Sunday, June 14, 2015

The "Upshot" of Portraying Sports Success Incorrectly

TheUpshot is at it again (David Leonhardt, NYT, 6/4/15), tweeted numerous times since).

The object this time is "city success" at pro sports.  The definition:

Success = Championships won, as a percent of possible chances across all of a city's teams, over the last 50 years.

Seems straightforward enough--higher percentage, successful sports city; lowest percentage, unsuccessful sports city.  Only two problems.  First, the measure, itself, gives ambiguous results.  Second, the definition of success, championships only, doesn't look like it coincides with a fan definition of success reflected by their observed behavior.

First, the measure.  Suppose one city has teams that won recently in the 50-year span, while another city has teams with the same percentage, but enjoyed 50 years ago.  Yet another city has teams with the same percentage spread over the entire 50 years.  All of these are equally successful cities by the definition.  But fans do not think so; dated success is just that.  If a city has only one team and another city has two teams, but both cities have the same percentage, both cities are equally successful again.  So two teams, say, half as successful are equivalent to a a possible dynasty.  Finally, and this is just the way the ball bounces, completely equal success in a given league would have 20 teams winning twice and 10 teams once over 50 years.  10 cities are then losers even as the distribution is trying to reveal itself as completely equal over time.  Finally, lumping leagues together in a given city means that a championship is a championship is a championship... say, NHL fans view an NBA championship the same as they would a hockey championship.  But does a championship by any other name really smell as sweet?  Ambiguity abounds.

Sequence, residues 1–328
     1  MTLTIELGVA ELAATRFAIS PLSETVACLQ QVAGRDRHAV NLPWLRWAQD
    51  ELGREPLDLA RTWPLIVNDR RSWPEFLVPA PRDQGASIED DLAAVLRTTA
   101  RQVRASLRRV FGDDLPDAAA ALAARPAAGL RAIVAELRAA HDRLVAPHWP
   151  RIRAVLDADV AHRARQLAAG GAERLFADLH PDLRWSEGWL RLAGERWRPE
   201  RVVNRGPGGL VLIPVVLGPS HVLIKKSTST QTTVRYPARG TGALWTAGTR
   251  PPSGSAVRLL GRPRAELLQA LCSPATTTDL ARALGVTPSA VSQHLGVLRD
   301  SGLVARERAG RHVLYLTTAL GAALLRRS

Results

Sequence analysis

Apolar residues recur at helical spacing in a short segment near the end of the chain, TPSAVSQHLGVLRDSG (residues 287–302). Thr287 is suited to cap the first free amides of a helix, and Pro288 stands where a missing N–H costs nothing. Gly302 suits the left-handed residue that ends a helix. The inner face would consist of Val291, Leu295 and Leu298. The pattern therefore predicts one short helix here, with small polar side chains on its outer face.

Moving on to the definition:  Why just championships? [Appearances in semi-finals are charted but not labeled by team and the rest of the article clearly only focuses on winning championships.]  Again, there isn't much room for many to be successful at the championship level.  Instead, let's ask fans for their definition of success since it is their definition that matters.  If Bob Costas is correct, it's a legitimate belief that the post-season is possible.  But there are other indicators of fan preferences as well--the tens of thousands of fans driving hundreds of thousands (NFL) or millions (MLB) in total attendance, even without a championship.   Let alone the TV audience.  I guess this "success" is just irrelevant.  After all, no championships, right?  The alternative, of course, is that the assessment of "success" based on championships alone simply misses the mark.

Really, Mr. Leonhardt just points out championship concentration in major league pro sports that is news only to newcomers.  And they would be better served if Mr. Leonhardt pointed them to all the work already out there on that topic.  But that just doesn't "sell papers".

No comments:

Post a Comment